Not a lot of people know this, but Vietnam has been home to many Filipinos in the past decade or so. Ho Chi Minh, Hanoi, and other cities and provinces have a large (and growing!) number of Pinoys working not only in the field of ESL but also in engineering and other professions. Living in Hanoi has taught me a lot about this country’s beautiful culture and tradition. But even after being here for almost ten years, I still find myself confused when caught in situations where I’m not sure how to properly react. Take attending a Vietnamese wedding for example.
A traditional wedding here takes at least four days, way longer than what we’re used to. And that’s not the only thing that could catch you off guard! Attending a close friend’s wedding allowed me to fully immerse in the entire festivity. As a foreign guest scared of committing an offensive faux pas, I made sure I was well briefed on what was expected of me. Here are a few notes a Filipino guest might find useful.
- Dress code was dressy casual (read: practically non-existent), but considering the countless photo ops, I would still recommend coming dressed to the nine.
- Except for about 30 minutes of the cake slicing, wine-tasting, and very short speeches from the parents, all done while people were already digging into their lunch, there was no program. This is eat-and-run heaven. Just make sure you line up for a photo with the couple before leaving.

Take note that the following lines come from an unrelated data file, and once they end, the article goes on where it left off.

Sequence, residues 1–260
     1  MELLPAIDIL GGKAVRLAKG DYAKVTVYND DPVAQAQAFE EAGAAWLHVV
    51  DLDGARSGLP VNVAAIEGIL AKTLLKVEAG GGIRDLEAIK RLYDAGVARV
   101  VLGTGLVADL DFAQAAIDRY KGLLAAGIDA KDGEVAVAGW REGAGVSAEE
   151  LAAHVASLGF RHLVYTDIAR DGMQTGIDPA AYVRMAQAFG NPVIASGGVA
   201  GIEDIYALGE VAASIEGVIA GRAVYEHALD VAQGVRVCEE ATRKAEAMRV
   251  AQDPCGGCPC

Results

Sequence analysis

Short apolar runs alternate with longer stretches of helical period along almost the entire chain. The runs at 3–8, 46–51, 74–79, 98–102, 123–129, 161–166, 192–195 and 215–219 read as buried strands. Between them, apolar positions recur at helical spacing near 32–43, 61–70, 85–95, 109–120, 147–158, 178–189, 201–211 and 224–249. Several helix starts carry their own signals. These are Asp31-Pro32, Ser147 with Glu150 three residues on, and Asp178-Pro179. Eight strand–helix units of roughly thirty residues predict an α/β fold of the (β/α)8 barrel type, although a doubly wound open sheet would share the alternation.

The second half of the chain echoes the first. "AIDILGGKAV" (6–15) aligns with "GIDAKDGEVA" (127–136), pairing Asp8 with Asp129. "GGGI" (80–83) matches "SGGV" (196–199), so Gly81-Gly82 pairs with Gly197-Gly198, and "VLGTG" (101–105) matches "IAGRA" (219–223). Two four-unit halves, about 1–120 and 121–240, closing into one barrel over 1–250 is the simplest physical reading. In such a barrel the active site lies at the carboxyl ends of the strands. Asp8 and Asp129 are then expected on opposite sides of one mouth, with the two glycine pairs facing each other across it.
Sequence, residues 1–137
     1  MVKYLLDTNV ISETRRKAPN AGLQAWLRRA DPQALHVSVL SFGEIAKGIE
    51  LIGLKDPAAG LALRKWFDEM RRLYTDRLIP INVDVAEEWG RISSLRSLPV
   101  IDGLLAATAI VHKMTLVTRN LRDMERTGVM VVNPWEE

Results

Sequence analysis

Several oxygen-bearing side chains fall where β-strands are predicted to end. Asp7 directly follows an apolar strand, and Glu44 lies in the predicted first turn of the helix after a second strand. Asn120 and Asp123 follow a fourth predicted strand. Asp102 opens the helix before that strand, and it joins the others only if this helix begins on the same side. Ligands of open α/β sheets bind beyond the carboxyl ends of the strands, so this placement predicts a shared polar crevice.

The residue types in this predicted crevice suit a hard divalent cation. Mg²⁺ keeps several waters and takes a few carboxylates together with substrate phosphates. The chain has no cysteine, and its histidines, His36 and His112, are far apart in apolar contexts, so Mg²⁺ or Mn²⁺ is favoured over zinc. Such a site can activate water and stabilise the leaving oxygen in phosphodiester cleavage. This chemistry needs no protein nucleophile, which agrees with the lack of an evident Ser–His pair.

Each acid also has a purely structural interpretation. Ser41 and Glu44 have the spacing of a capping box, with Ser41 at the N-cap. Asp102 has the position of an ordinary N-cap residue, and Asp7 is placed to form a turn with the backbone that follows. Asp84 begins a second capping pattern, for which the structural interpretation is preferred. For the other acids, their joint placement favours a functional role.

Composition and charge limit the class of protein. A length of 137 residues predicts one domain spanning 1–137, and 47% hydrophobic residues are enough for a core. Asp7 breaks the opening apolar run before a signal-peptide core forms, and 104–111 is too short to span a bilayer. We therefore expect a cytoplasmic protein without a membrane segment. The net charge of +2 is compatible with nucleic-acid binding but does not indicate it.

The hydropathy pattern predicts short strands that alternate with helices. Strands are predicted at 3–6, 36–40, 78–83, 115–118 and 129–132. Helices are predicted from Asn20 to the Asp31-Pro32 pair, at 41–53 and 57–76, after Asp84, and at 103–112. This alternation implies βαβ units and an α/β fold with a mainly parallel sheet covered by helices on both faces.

- In parties like this, Vietnamese dishes are served in stages, like a course meal. Be warned, however, that rice is often brought in last or not at all. If, like any self-respecting Pinoy, you really need rice, you may request one of the waiters to serve it earlier.
- In a Vietnamese wedding, the couple traditionally expect gifts in cash, instead of in kind, which I found to be very convenient. I was told and was, at first, anxious, that they have unwritten but quite specific rules regarding how much the red envelope should contain, depending on the depth of one’s relationship to the bride or groom. But, in reality, like in any other country, it’s the thought that counts and the couple would appreciate anything given from the heart.
- Vietnam-made vodka is very strong. Learn to “sip”, instead of “gulp” every time someone proposes a toast, which will happen in a Vietnamese wedding far more often than you expect.